Posts like this are fine. Yes, there are better ways, but in my mind these struggles are interesting to go through once, just to make sure you understand what's going on.

https://github.com/leanprover/mathlib/blob/774e7fa39a8513c5c06e27c3e8bf4c124efd9db7/analysis/complex.lean

That was my effort at the time. I wrote a tactic called crunch which just did the ring theory I needed.

Defining structures and making them work properly is hard for mathematicians, because mathematicians don't instinctively think to define things like eta and ext.

view this post on Zulip Kevin Buzzard (Jan 12 2019 at 15:06):

theorem add_mul (a b c : ) :
(a + b) * c = a * c + b * c :=
begin
  apply ext,
  { rw [re_add,re_mul,re_add,im_add,re_mul,re_mul],
    ring },
  { rw [im_add,im_mul,re_add,im_add,im_mul,im_mul],
    ring },
end

The ring tactic can solve a goal of the form (re a + re b) * re c - (im a + im b) * im c = re a * re c - im a * im c + (re b * re c - im b * im c) so we just apply the lemmas we know to turn it into a goal of this form. If the lemmas re_add etc are all tagged with the simp attribute then perhaps instead of the rewrite one could write suffices : (re a + re b) * re c - blah blah blah, by simp.

view this post on Zulip Kenny Lau (Jan 12 2019 at 15:27):

theorem add_mul (a b c : ) : (a + b) * c = a * c + b * c :=
ext
  (show (_+_)*_-(_+_)*_=(_-_)+(_-_), by rw [add_mul, add_mul, add_sub_comm])
  (show (_+_)*_+(_+_)*_=(_+_)+(_+_), by rw [add_mul, add_mul, add_assoc, add_left_comm (b.1*_),  add_assoc])

view this post on Zulip Bryan Gin-ge Chen (Jan 15 2019 at 00:18):

@Kevin Buzzard What's the new link for whatever was at http://wwwf.imperial.ac.uk/~buzzard/lean_together/source/leantogether.html ?

view this post on Zulip Kevin Buzzard (Jan 15 2019 at 08:10):

Sorry -- link fixed. I added some more (very sketchy) exercises and broke everything in the process.

view this post on Zulip David Holmes (Jan 18 2019 at 21:46):

Thanks Kevin, your proof is very nice - doing in 2 lines what took me 7. Also much easier to read! Moving on to the other cases seems more reasonable now.

view this post on Zulip David Holmes (Jan 18 2019 at 21:47):

Kenny, what you wrote looks very neat, but I can't get it to work. I guess i need to add begin and end, but then I get an error on the first show, saying function expected at (λ (this : (?m_5 + ?m_6) * ?m_7 - (?m_10 + ?m_11) * ?m_12 = ?m_15 - ?m_16 + (?m_18 - ?m_19)), this) ?m_20 term has type (?m_5 + ?m_6) * ?m_7 - (?m_10 + ?m_11) * ?m_12 = ?m_15 - ?m_16 + (?m_18 - ?m_19) .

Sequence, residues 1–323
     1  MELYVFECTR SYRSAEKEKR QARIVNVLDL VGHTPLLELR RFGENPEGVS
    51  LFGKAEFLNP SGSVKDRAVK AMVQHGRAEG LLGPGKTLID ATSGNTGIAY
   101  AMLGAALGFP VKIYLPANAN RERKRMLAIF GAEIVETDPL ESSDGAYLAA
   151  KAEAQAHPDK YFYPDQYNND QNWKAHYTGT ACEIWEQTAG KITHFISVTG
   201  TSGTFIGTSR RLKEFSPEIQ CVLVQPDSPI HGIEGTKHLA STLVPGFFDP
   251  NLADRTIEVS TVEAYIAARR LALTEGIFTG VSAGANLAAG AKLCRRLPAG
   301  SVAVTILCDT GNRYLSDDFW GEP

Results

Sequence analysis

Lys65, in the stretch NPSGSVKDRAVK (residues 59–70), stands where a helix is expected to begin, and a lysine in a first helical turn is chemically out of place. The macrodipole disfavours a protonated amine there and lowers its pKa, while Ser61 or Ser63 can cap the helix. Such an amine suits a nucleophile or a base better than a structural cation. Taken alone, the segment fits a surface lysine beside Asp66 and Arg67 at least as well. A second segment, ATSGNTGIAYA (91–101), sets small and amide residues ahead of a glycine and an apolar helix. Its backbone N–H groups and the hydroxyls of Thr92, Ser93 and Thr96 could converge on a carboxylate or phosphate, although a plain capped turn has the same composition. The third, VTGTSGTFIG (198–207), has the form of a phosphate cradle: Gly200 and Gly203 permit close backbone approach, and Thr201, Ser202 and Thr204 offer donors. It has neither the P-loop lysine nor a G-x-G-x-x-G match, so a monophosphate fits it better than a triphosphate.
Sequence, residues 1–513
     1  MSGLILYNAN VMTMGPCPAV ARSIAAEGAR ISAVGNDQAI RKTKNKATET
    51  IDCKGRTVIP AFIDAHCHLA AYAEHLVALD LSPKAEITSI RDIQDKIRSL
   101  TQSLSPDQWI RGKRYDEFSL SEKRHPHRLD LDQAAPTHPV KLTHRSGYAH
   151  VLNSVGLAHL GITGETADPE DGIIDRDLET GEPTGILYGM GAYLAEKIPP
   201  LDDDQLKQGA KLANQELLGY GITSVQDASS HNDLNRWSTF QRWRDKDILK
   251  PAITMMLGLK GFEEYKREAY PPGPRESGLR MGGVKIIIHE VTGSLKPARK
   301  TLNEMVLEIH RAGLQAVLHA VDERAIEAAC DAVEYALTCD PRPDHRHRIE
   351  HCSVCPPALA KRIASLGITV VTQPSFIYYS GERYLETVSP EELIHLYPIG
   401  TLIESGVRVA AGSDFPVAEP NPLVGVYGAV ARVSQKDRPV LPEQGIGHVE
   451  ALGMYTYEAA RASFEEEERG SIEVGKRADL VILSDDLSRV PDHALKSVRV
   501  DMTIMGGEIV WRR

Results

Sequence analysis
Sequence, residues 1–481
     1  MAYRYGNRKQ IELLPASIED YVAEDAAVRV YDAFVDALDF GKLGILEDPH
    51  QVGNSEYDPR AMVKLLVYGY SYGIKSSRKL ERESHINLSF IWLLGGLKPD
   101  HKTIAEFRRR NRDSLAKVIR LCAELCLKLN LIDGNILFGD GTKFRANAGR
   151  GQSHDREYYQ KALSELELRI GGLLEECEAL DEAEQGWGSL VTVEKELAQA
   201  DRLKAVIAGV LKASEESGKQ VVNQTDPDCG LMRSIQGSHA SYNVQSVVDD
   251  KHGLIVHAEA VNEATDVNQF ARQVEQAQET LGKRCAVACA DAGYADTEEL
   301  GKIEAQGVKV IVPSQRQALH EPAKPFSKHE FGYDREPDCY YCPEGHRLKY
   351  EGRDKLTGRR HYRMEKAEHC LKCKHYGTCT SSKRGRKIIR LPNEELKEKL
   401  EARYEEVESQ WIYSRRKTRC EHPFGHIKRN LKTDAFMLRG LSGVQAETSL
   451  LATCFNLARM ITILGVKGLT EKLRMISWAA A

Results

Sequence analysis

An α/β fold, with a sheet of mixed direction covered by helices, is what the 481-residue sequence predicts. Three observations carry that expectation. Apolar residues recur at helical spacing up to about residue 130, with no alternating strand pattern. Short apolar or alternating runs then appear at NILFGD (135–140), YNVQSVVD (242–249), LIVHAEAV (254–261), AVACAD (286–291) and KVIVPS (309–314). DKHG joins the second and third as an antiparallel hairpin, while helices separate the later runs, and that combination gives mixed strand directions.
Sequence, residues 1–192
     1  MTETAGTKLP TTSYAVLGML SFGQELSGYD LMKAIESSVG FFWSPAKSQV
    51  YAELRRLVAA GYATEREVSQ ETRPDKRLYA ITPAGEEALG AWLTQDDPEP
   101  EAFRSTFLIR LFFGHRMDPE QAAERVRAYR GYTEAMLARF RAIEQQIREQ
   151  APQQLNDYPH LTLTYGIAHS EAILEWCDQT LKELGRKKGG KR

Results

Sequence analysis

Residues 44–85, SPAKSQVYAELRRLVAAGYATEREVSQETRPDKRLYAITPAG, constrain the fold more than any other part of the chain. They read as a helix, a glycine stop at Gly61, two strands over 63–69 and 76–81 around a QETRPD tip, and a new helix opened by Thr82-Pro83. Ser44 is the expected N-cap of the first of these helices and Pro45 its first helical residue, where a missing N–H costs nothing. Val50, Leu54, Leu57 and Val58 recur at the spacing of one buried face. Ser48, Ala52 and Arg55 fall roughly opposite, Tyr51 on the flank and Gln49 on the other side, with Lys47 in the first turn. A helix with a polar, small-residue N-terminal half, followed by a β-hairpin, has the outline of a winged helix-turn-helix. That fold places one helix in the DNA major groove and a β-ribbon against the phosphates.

Any suggestions on what I'm doing wrong?

view this post on Zulip Kenny Lau (Jan 18 2019 at 21:49):

I think at that time I couldn't import mathlib so I made up my own complex numbers; the definition of multiplication may have been different (my proof relies heavily on definitional equalities)

view this post on Zulip Mario Carneiro (Jan 18 2019 at 21:56):

doesn't something like by ext; ring work?

view this post on Zulip Mario Carneiro (Jan 18 2019 at 22:00):

import data.complex.basic

attribute [extensionality] complex.ext

theorem add_mul' (a b c : ) : (a + b) * c = a * c + b * c :=
by ext; simp; ring

view this post on Zulip David Holmes (Jan 18 2019 at 22:28):

Hi Mario,
Thanks for the suggestion. I'm sure that works with the complex numbers in Lean, but this was part of an exercise to construct the complex numbers from the real numbers (so never used import data.complex.basic). I just get the usual simplify tactic failed to simplify. I think if some of my earlier lemmas had the simp attribute it might also work, but not yet sure how to go about that (and maybe it is not the goal of the exercise).

view this post on Zulip Mario Carneiro (Jan 18 2019 at 23:42):

You need simp lemmas for addition and multiplication

view this post on Zulip Mario Carneiro (Jan 18 2019 at 23:43):

@[simp] lemma add_re (z w : ) : (z + w).re = z.re + w.re := rfl
@[simp] lemma add_im (z w : ) : (z + w).im = z.im + w.im := rfl
@[simp] lemma mul_re (z w : ) : (z * w).re = z.re * w.re - z.im * w.im := rfl
@[simp] lemma mul_im (z w : ) : (z * w).im = z.re * w.im + z.im * w.re := rfl

view this post on Zulip Mario Carneiro (Jan 18 2019 at 23:44):

of course you can prove the theorem by add_mul since this is already proven in data.complex.basic, but if you are rewriting it on your own you want complex.ext and these re/im lemmas and then everything should follow by ring like I said


Last updated: May 08 2021 at 22:13 UTC